Tauranga couple John and Ingrid Godwin have pleaded guilty to 19 charges of the Fair Trading Act over misleading representations of their qualifications and their ability to cure or prevent diseases.
The couple have been hit with $23,400 in total fines and costs awarded in the Tauranga District Court.
Following complaints received about John and Ingrid Godwin’s business Healing World, regarding numerous claims on their website and in an advertorial which ran in the Weekend Sun newspaper in 2005, the Commerce Commission conducted an investigation and subsequent prosecution.
The Godwins had claimed that they had cures for – or could protect against – several diseases with no known cure, including SARS, bird flu, and herpes.
The couple had claimed that their remedy for herpes was “deemed safe for use by the general public therefore they are available with or without practitioner advice”. The Commerce Commission noted that in fact, medical advice is required for the containment of the symptoms of herpes and prevention of infection to others.
Ingrid and John were also penalised for lying to the public over their qualifications.
Ingrid Godwin, while a registered nurse, has not held an Annual Practicing Certificate since 1996 - as required when advertising her nursing qualifications with services offered by Healing World.
John Godwin noted that he was endorsed by the New Zealand Institute of Isopathic Medicine Inc, an organisation that was struck off the Companies Office register in 2004 – and which he created.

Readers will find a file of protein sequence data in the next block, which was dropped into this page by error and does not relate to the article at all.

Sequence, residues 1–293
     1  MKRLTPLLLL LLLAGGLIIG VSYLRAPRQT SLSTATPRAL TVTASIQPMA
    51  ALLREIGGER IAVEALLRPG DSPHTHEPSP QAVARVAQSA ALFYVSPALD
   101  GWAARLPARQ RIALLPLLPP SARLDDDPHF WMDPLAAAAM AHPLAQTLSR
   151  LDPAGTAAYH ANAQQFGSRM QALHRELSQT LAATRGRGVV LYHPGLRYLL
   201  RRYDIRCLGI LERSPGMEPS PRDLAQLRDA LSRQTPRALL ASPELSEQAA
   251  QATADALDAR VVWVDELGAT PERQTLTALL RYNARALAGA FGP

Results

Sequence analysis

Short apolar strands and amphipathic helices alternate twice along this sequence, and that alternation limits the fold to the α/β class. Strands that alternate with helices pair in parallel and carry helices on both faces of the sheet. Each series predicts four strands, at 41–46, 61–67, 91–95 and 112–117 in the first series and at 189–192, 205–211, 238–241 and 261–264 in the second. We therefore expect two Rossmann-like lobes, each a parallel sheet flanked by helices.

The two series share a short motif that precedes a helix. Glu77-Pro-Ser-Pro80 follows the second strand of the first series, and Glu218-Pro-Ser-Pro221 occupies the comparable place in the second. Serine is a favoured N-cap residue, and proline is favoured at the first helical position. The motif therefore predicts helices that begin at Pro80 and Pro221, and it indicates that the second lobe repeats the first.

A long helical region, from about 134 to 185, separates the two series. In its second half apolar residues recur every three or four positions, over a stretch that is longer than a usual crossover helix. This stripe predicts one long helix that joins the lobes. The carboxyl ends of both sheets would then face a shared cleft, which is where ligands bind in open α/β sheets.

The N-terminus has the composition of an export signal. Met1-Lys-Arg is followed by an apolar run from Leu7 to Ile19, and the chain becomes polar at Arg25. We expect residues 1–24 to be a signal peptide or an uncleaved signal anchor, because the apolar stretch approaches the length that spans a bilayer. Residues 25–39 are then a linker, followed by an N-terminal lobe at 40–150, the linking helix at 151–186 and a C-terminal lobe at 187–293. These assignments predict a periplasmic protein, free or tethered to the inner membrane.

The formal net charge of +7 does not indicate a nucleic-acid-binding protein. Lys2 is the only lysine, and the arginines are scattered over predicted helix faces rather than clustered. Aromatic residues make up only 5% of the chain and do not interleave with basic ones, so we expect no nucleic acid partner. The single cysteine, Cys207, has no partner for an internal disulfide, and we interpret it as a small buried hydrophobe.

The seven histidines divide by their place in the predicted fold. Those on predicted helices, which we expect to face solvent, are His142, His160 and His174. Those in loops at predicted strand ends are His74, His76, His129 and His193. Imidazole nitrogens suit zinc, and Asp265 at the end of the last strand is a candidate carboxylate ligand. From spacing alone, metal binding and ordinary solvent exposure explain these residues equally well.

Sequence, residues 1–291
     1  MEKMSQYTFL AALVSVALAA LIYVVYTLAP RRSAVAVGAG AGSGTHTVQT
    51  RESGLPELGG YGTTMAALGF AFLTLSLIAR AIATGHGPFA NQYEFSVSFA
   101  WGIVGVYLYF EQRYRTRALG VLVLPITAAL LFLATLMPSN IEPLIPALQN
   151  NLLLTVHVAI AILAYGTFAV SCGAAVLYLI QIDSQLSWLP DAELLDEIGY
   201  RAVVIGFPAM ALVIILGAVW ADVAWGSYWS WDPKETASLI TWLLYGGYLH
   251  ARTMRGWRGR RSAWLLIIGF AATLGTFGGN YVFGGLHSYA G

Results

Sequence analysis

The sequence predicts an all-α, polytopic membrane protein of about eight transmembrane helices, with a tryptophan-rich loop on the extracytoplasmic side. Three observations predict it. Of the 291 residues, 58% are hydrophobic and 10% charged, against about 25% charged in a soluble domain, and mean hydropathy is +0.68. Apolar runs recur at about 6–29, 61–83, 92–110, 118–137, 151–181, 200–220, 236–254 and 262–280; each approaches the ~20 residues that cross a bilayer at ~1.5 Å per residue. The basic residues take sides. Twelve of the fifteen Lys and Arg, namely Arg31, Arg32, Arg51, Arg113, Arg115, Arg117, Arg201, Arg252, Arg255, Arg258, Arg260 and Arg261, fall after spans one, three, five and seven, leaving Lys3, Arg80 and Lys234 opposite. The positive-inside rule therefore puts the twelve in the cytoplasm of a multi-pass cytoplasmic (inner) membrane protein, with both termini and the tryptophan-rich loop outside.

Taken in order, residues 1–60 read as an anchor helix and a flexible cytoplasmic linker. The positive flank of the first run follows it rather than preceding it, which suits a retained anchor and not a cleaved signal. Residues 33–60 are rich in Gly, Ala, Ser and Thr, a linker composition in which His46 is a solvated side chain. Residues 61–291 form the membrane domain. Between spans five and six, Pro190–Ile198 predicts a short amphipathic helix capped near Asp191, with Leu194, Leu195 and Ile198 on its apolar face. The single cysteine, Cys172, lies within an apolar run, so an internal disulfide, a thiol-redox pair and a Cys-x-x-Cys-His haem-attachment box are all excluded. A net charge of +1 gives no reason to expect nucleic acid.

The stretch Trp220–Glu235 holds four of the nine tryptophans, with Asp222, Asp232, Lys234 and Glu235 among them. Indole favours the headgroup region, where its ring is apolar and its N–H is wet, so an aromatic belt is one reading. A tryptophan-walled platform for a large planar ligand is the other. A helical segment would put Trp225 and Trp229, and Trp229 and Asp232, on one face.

“It is not the Commission’s role to decide on the efficacy of alternative health practices such as homoeopathy. However alternative medicine providers have the same obligations under the Fair Trading Act as traditional medical practitioners,” said Adrian Sparrow, Commerce Commission Director of Fair Trading.
“Any claims made must be accurate and not mislead consumers. False claims about the ability to cure or prevent diseases can not only damage the reputation of the alternative health industry, but also put consumers’ health at risk when they put their trust in products with false or exaggerated claims.”
In sentencing, Judge Ingram noted that it is notorious public knowledge that that there is no cure for conditions such as bird flu, SARS, smallpox and herpes. He also noted the Godwins provided no evidence to the Court about the efficacy of their remedies.
Court penalties for breaching the Fair Trading Act can include fines of up to $200,000 for a company and $60,000 for an individual. Only the courts can decide if a representation has breached the Act.
This article is tagged with the following keywords. Find out more about MyNBR Tags
Most listened to
- Deloitte's Scott McClay discusses which South Island companies are performing best
- TIN100's Greg Shanahan on this year's top trends and top movers in high-tech exports
- ASB senior rural economist Nathan Penny disagrees with ANZ's forecast and is standing by his bank’s $6.75/kgMS prediction
- Why is the FMA exempting robo-advice from the law? Liam Mason explains
- NBR Radio: The best interviews, with Grant Walker — updated daily